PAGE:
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In an explicit construction in combinatorics I need to study the following problem: assume we pick a odd prime number $p$, a generator $g$ of the multiplicative group $(Z/pZ)^{\ast}$.

Question 1: for how many $x\in\{2,\dots,p-2\}$, is it true that $x\equiv g^x\, (p)$.

Question 2: how the previous counting depends on the choice of $g$?

In general I would need indeed the number of solutions of the congruence equation $x\equiv a+g^x\, (p)$ (for fixed $a$), but already the base case $a=0$ is interesting for me.

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Just to take an arbitrary example, mod $p = 23$ there are $\phi(22) = 10$ primitive roots. Of those, four ($14, 19, 20, 21$) have no solutions to $x \equiv g^x \mod 23$, two have one, three have two, and one ($11$) has five.

Here, for each of the first $30$ primes, are the number of primitive roots $g$ for which there are no solutions to $x \equiv g^x \mod p$ with $2 \le x \le p-2$:

$$1, 1, 1, 1, 2, 1, 1, 3, 4, 2, 1, 6, 5, 2, 9, 11, 12, 5, 7, 9, 8, 8, 17, 12, 11, 16, 12, 23, 20, 16$$

This sequence does not seem to be in the OEIS (yet).

[EDIT: Although this one is not in OEIS, the number of $g$ for where there are solutions is: OEIS sequence A174407].

For each prime $< 1000$, the number of such $g$ is at least $1$.

The probability of a random permutation of $[1\ldots p-1]$ being a derangement is approximately $1/e$, so heuristically we might expect about that fraction of the primitive roots to have no solution to $x \equiv g^x \mod p$.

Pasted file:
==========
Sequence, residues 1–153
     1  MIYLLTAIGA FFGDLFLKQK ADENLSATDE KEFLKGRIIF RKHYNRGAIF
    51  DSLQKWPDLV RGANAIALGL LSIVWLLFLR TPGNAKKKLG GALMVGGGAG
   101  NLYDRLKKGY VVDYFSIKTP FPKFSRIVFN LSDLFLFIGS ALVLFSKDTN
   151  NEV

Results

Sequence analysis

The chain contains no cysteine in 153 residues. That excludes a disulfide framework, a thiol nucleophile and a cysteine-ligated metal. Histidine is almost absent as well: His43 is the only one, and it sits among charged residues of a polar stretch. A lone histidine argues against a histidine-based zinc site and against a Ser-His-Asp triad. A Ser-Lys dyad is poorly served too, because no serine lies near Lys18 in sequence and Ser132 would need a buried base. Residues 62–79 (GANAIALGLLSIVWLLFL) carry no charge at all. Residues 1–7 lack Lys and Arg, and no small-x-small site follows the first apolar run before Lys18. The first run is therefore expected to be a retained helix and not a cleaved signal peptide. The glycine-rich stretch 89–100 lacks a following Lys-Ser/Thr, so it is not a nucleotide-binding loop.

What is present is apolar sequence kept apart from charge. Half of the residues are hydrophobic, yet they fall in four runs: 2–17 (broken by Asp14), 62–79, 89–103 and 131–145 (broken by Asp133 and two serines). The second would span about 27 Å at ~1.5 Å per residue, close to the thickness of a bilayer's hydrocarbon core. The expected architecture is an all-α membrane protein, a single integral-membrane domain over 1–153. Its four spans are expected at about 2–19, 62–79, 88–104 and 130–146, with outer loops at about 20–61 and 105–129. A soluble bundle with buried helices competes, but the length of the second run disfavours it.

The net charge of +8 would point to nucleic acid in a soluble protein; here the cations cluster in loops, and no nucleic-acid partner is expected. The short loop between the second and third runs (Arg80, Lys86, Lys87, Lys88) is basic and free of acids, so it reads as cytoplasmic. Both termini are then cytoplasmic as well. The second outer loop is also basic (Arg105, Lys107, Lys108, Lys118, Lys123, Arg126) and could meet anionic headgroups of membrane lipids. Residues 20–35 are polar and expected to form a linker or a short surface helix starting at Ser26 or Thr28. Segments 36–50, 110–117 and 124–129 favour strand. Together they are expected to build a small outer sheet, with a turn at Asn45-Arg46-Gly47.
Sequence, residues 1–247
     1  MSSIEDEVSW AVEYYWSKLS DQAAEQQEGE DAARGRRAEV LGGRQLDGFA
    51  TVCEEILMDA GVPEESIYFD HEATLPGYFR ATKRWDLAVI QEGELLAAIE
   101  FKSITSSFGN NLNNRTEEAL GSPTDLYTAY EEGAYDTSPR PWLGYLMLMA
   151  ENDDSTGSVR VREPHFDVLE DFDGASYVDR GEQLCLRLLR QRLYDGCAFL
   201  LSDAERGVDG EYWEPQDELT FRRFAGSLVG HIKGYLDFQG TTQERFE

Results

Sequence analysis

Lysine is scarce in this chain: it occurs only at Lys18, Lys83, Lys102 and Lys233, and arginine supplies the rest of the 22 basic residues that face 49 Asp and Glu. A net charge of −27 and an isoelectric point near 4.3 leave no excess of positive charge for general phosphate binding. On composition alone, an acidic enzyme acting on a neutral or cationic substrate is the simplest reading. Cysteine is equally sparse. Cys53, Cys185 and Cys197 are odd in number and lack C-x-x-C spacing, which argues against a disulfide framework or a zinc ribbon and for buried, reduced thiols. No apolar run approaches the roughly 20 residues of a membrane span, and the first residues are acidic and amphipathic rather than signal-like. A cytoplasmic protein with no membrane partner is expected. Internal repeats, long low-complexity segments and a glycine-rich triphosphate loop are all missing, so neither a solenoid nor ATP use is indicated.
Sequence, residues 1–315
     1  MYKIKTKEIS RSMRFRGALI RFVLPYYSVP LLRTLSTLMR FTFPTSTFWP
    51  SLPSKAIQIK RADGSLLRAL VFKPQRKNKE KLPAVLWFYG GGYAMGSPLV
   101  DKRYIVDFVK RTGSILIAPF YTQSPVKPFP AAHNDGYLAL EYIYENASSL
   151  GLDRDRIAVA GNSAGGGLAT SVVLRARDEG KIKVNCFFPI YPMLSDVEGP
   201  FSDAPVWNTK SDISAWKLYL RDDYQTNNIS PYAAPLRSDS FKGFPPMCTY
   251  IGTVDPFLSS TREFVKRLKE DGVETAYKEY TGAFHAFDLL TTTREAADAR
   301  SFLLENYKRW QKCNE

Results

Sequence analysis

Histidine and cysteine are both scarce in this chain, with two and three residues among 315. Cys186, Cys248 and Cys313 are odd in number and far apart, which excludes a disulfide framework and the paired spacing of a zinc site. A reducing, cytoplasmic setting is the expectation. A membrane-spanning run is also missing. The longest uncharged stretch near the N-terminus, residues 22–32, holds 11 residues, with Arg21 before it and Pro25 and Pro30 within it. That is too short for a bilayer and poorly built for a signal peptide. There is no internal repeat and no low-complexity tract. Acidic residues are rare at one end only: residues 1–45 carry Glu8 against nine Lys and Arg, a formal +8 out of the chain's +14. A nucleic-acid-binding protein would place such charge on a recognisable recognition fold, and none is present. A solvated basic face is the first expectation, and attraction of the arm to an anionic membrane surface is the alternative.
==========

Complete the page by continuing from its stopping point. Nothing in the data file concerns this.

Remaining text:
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  • $\begingroup$ Maybe we should not include $g=\pm1$ in the discussion, as these are not generators? $\endgroup$ – T. Amdeberhan May 9 '17 at 21:55
  • $\begingroup$ This was just counting generators $g$. $\endgroup$ – Robert Israel May 9 '17 at 22:59
  • $\begingroup$ Dumb (?) question: Is it obvious there should be at least one generator with no fixed points for each odd prime? $\endgroup$ – kodlu May 10 '17 at 22:37
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    $\begingroup$ No, it is not at all obvious to me. Heuristically, if the probability of a generator having no fixed points is about $1/e$, and there are $\phi(p-1)$ generators, the probability that none of them have a fixed point is about $(1-1/e)^{\phi(p-1)}$, and this goes to $0$ rapidly enough that it's not surprising. But that's not a proof. $\endgroup$ – Robert Israel May 10 '17 at 23:04
  • $\begingroup$ @RobertIsrael The paper by Levin, Pomerance and Soundararajan pointed out in the comment to the question by Lucia actually proves this. $\endgroup$ – kodlu May 11 '17 at 1:53

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